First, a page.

"You know how you finish a bag of chips and you hate yourself? You know you've done nothing good for yourself. That's the same feeling, and you know it is, after some digital binge. You feel wasted and hollow and diminished."
-- Dave Eggers, The Circle
I just finished reading the novel, The Circle by Dave Eggers. It's a book about a mythical social media company called The Circle in Silicon Valley, which is an amalgam of Facebook, Google, Twitter and Instagram all rolled into one. Eggers is clearly not a fan of social media and creates a world which once entered, becomes impossible to escape. The mantra of the CEO of The Circle is "All that happens must be known," and Eggers proceeds to lay out a scenario where this quickly becomes a reality, in a sinister Third Reichian/Big Brother kind of way. It's a fantastic roller coaster of a ride; the world Eggers creates is all too familiar and very real and frightening.
It's not my favorite Eggers book (that would be A Heartbreaking Work of Staggering Genius; oh yes, as the title implies, Eggers does have a highly developed sense of self worth, but rightly so). The characters are not very well developed and are absurdly naive and willing to follow the leaders of The Circle blindly (although I suppose that's what people said about Nazi Germany). But the story is pretty amazing, and I think he's terrifically brave to take on the currently popular world of social media. Eggers is only 43, and a bit of a cool cat, part of the indie San Francisco crowd, so it's an unpopular point of view he's taken in this book.
After reading it, I did a little research (yes, I will admit, I used Google to do the research) and found out that while Eggers IS on Twitter, he's only tweeted 2 posts. And yet he still has over 6,800 followers, which is kind of funny (Jimmy Fallon and Ellen DeGeneres are followers). So I guess it would be safe to say that he's not a big fan. He's not on Facebook either, so he's truly walking the walk of non-engagement in the social media world.
A brief aside, part of the reason that I liked this book is because I'm not a big fan of Twitter. It's way too short for me, too cryptic and nonsensical with all the hashtags and abbreviations. I'm a big fan of words, so the 140 characters of Twitter never seem enough to me; I'm always agonizing over how to to shorten whatever it is I'm interested in tweeting. It's maddening and I can't really get the hang of it.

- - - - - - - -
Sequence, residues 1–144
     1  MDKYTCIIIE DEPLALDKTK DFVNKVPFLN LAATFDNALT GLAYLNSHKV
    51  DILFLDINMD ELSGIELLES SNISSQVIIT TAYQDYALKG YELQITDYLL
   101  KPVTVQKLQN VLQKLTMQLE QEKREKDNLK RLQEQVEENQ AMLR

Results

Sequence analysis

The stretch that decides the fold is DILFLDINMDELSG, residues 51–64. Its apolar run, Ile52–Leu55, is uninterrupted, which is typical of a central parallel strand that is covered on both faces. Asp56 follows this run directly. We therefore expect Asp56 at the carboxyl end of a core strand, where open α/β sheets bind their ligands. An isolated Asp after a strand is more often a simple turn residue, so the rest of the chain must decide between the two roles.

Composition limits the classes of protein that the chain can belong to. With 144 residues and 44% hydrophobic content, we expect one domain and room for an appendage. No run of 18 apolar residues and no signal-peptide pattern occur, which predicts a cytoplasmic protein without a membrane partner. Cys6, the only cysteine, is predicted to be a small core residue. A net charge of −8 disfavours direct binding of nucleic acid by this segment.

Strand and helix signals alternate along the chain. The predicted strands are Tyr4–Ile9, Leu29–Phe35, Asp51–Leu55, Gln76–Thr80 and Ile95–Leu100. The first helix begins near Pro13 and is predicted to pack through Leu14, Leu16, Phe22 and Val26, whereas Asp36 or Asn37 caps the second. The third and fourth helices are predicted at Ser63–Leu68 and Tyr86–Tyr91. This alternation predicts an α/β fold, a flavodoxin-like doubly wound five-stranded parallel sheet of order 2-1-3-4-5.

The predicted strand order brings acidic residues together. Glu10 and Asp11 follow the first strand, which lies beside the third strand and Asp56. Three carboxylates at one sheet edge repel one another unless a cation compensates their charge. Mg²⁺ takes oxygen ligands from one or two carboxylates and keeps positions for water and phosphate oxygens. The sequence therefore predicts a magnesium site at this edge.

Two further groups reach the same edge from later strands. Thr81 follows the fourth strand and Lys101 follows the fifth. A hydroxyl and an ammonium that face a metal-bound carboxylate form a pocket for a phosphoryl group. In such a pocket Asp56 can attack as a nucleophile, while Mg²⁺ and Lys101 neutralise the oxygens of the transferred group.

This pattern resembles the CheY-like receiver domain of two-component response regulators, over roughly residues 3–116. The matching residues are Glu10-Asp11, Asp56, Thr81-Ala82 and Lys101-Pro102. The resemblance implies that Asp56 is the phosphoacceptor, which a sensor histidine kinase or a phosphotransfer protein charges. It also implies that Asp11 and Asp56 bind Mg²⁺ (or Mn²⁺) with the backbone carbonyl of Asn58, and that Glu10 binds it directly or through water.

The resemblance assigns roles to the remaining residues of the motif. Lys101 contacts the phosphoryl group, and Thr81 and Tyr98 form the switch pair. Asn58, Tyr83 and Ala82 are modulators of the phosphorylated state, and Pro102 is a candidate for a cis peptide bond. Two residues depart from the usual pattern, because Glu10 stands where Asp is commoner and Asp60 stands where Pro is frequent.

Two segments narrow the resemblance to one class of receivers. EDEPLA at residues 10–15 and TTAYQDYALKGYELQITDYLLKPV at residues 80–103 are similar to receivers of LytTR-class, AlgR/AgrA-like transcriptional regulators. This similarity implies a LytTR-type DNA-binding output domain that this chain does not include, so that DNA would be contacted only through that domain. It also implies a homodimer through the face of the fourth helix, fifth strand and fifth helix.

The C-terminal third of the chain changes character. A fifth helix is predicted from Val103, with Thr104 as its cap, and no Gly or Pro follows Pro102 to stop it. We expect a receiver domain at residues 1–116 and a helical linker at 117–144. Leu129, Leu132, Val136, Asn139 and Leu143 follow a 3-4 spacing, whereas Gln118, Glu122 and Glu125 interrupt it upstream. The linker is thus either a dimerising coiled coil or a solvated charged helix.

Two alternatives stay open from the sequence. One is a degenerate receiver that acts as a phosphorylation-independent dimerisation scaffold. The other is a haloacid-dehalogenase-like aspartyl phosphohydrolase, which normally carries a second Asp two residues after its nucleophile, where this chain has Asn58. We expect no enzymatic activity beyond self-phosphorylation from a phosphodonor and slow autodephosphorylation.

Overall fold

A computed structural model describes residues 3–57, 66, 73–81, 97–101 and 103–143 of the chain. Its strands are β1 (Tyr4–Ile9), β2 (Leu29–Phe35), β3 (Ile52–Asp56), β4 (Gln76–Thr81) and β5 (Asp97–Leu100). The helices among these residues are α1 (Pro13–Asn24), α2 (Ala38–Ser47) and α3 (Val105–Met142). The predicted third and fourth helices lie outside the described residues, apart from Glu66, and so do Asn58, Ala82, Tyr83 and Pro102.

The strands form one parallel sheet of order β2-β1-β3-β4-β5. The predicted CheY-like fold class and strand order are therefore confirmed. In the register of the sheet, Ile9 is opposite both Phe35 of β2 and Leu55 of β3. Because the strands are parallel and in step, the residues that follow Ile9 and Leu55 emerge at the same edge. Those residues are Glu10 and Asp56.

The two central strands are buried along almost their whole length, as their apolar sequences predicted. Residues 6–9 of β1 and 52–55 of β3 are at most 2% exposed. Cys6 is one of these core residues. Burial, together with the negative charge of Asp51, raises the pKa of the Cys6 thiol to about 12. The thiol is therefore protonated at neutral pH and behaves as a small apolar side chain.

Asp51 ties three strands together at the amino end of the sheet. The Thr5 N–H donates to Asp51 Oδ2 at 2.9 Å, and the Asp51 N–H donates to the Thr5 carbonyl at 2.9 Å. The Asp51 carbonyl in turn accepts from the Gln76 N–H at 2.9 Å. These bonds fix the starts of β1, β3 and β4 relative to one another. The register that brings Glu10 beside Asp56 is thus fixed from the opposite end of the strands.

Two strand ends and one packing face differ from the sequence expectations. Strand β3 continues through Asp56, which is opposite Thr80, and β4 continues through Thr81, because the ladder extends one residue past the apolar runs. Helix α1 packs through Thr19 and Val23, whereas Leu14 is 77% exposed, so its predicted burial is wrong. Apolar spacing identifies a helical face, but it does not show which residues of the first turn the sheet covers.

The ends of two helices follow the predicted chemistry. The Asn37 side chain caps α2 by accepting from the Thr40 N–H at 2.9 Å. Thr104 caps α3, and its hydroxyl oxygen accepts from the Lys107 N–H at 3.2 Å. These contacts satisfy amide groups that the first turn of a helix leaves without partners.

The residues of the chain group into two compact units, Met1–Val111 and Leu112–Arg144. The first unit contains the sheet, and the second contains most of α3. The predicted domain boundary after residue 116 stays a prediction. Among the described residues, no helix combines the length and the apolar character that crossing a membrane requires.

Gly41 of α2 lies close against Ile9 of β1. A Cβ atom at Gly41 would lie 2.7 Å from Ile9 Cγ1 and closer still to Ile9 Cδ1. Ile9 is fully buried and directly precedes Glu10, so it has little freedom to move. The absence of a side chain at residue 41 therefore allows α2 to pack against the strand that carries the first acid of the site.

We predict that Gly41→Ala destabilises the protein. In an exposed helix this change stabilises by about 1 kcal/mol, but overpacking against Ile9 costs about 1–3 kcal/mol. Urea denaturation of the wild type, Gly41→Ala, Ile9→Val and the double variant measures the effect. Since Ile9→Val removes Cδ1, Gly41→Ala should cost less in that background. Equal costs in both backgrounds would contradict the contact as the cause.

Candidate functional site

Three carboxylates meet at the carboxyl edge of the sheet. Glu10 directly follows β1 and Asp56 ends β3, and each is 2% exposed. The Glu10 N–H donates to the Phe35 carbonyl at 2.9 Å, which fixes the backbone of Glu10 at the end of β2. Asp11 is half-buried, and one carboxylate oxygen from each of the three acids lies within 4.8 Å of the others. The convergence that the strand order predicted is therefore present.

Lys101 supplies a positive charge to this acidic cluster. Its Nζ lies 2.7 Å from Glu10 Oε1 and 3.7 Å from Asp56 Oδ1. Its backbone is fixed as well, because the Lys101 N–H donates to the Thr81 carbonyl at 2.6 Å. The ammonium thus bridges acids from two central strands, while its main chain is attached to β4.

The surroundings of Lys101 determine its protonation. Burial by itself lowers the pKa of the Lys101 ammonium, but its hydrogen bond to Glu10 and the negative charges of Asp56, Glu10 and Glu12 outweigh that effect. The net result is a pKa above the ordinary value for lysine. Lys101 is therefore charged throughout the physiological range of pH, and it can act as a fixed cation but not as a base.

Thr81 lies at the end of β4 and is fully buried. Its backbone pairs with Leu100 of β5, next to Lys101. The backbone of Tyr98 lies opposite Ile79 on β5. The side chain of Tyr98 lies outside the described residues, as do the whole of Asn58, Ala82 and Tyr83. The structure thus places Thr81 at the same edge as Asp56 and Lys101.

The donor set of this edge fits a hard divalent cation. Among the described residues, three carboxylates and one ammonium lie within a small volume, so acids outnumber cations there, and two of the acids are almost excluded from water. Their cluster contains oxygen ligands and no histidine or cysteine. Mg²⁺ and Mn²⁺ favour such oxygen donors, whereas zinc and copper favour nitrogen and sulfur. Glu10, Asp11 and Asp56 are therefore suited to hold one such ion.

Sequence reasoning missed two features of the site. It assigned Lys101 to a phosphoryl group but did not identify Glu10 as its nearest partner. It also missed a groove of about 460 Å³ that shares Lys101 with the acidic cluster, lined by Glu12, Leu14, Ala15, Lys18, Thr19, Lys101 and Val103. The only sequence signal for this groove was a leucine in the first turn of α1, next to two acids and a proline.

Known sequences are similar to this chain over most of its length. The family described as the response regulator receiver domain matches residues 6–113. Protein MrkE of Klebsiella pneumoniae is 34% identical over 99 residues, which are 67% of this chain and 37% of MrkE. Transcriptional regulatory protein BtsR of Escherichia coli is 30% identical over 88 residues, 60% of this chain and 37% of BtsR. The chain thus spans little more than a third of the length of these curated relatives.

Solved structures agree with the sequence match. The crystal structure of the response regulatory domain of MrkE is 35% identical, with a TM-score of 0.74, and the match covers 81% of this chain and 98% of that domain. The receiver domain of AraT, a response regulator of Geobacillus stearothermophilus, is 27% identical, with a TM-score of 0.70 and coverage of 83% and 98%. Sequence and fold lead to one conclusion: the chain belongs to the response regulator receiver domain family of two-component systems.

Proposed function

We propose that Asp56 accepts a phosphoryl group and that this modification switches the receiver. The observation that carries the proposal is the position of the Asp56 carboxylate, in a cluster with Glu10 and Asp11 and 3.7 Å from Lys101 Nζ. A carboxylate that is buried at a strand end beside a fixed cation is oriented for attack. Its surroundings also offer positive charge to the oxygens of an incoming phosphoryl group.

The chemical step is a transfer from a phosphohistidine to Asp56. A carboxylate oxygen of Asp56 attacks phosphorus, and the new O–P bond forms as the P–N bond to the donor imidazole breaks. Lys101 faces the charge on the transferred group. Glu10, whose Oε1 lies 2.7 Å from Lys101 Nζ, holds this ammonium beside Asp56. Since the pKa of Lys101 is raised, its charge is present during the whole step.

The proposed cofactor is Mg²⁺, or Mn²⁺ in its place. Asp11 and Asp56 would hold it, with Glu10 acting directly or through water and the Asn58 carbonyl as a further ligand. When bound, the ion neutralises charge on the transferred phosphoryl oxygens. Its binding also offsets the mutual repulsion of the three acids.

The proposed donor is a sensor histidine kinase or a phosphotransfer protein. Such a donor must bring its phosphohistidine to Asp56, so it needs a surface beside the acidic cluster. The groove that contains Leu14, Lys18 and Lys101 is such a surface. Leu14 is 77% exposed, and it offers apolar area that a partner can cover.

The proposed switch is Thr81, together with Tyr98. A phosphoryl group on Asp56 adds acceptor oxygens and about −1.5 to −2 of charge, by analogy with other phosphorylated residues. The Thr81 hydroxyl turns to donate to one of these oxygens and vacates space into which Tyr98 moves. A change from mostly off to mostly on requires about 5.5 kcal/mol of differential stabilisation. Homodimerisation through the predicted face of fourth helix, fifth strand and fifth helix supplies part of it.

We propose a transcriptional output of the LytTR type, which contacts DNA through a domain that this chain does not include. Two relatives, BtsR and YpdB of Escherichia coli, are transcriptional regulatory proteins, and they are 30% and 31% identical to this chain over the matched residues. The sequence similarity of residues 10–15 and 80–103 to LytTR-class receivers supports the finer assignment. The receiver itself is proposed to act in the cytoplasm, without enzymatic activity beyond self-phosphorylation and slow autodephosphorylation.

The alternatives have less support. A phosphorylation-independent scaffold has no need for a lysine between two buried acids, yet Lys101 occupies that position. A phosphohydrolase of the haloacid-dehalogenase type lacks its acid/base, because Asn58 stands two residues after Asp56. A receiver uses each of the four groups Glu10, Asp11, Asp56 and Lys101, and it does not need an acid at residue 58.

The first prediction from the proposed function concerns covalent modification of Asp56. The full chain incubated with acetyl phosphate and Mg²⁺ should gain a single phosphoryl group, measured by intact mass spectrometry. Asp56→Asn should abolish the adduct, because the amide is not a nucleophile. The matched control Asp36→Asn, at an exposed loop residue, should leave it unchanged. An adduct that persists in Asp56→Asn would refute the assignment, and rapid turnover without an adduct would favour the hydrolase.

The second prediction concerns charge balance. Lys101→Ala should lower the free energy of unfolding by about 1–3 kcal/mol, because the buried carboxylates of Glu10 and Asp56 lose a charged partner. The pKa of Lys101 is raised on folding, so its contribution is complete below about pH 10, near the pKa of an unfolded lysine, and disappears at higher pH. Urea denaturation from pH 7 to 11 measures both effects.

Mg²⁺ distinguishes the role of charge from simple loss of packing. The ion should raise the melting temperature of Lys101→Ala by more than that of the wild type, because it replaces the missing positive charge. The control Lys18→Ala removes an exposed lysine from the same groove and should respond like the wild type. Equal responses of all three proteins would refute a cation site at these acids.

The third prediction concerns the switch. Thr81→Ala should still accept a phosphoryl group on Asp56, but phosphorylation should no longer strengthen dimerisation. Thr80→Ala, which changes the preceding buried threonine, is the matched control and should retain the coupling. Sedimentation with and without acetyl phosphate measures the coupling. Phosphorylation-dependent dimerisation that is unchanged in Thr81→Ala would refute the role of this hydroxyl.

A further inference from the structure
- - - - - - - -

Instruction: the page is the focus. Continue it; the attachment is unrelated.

I'm constantly surprised to find writers on Twitter; a recent surprise for me was when I found Joyce Carol Oates on there and she's actually tweeting pretty frequently. Oates is so damned prolific and her novels are so long, that I'm a bit shocked that she's tweeting, but then again, she's a really interesting person with a curious mind, so I guess she wants to figure the medium out.
But I digress, back to The Circle. Even with it's faults, it's a worthwhile read. Eggers has basically written the equivalent of George Orwell's 1984 for the social media era, with his fatalistic story of how the world becomes over taken by The Circle and its leaders through their constant and ever present monitoring of every single detail of our personal lives.
His writing is so ferocious and so rushed that while reading it I was feeling the same way that I feel when I've had a 14 hour workday spent all online; my mind was racing and frenetic with slightly paranoid overtones. In The Circle, the company encourages it's employees to rate every thing they do on and off the job by "zinging" it, sort of like Facebook's "likes" or Twitter's "tweets."
I'd have to give The Circle 4 (out of 5) Zings, just for the sheer passion and intensity of Eggers message, which is anything but subtle. Now I'm going to get off my computer and go live in the real world for a few hours!
This post was originally published on My Left Breast: http://www.myleftbreast.net
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